Do you remember SABINE? This year we reinvented her and she got even better than before. SABINE 2.0 was born. SABINE 2.0 monitors the voltage and current of small solar cell groups on the larger 4m2 array. This year SABINE 2.0 comes with a visual data acquisition interface for array monitoring. It is best compared to a heat map of the array, indicating which groups of cells are generating power. This monitoring allows us to immediately identify any defects or unusualities in the array modules, even when SABINE 2.0 isn’t switched on. It also allows us to monitor a variety of other effects, such as canopy shadow intensity, the impact of the curvature of the array and the effect of any dust and dirt present on the array. Monitoring this last aspect will allow us to make decisions regarding the cleaning of the solar array, which is also applicable in industry settings at large solar farms.
Since SABINE 2.0 can easily be adjusted to monitor entire solar farms, it can also be used to monitor dust and dust on any arrays, which can then be cleaned accordingly. It is also cheap to implement. Of course the monitoring can also be used to measure the correct functioning of SABINE 2.0. It can then generate feedback for SABINE 2.0 so that it can improve the balancing of the array and the tracking of the maximum power
points of the small groups of cells while in operation. The data can also be used to optimize the overall design of the SABINE 2.0 power converters and it can also be used to validate our theoretical models of our solar array. This information can then also be used to improve future solar array modules. After the succes of Sabine 1.0 (Solar Array Balancing Interface Not Expected) we are now introducing: Sabine 2.0 (Solar Array Balancing Interface New Edition) SABINE 2.0 uses partial power processing to track multiple maximum power points in a single string of solar cells, while using a single large converter that processes the full power of the array. This improves the overall system efficiency, because larger power converters can generally be designed to be more efficient and the smaller (slightly less efficient) converters only process a small amount of the array power keeping the weighted average of the converter efficiencies high while improving maximum power point tracking efficiency of the entire array.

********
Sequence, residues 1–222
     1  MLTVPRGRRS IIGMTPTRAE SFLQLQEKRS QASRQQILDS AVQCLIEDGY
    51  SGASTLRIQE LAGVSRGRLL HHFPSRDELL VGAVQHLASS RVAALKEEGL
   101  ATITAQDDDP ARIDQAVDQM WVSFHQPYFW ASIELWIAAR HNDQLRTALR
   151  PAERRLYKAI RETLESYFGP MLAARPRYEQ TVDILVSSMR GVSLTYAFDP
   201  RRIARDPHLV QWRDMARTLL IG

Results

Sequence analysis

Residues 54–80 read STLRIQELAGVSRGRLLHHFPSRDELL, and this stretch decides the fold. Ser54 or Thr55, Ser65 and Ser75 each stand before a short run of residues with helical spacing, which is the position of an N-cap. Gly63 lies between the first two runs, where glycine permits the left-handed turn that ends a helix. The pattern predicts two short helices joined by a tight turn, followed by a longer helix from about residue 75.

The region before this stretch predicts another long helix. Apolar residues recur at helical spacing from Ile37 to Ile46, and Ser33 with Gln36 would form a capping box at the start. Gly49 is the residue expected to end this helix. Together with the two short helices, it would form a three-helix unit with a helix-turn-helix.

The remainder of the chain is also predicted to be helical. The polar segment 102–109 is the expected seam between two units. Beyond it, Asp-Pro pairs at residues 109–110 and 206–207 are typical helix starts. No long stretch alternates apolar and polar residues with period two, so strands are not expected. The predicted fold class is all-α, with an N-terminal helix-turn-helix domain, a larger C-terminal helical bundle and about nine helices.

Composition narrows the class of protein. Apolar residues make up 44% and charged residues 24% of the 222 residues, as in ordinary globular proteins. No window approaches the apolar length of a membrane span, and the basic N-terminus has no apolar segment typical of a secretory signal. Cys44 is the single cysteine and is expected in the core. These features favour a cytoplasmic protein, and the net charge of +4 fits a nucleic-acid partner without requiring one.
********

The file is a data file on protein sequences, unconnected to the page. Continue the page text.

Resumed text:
This year, SABINE 2.0 will be using GAN (Gallium Nitride) fets for lower switching losses and improved efficiency. The power converter topology is also altered with respect to SABINE 1.0, which was using an isolated bus topology where every isolated converter had the same hardware and was controlled the same way. SABINE 2.0 is using a combination of different distributed converter topologies. To balance groups of cells bidirectional bus converters are used, sending power from the bus to the weaker groups, or from the stronger groups to the bus. The bus described here are the upper and lower connections of a single PV module. Using this combination of different converters overall power processing by SABINE 2.0 is reduced. Also, with individual control of converters better balancing of the array and better tracking of the maximum power points can be achieved. In combination with the array monitoring system, which supplies SABINE 2.0 with system feedback, the balancing of the array and the tracking of the maximum power points can be improved even more. Finally, every converter is optimized using the data from a theoretical model, after which a second design iteration is done using the data from the array monitoring system during the characterization of the array. For years now, and especially after the singing of the Paris Agreement last year, solar power has quickly become cheaper and more accessible to civilians. This also means that solar cells are currently being evaluated for placement on curved surfaces (i.e. airplanes, cars, boats, curved buildings etc.). For applications such as these SABINE 2.0 can greatly increase the efficiencies of solar arrays and therefore drive the price down even further. For civilians, SABINE 2.0 can also be implemented to minimize the effects of shadows on the array, which are highly likely to reduce the efficiency of solar arrays in urban environments.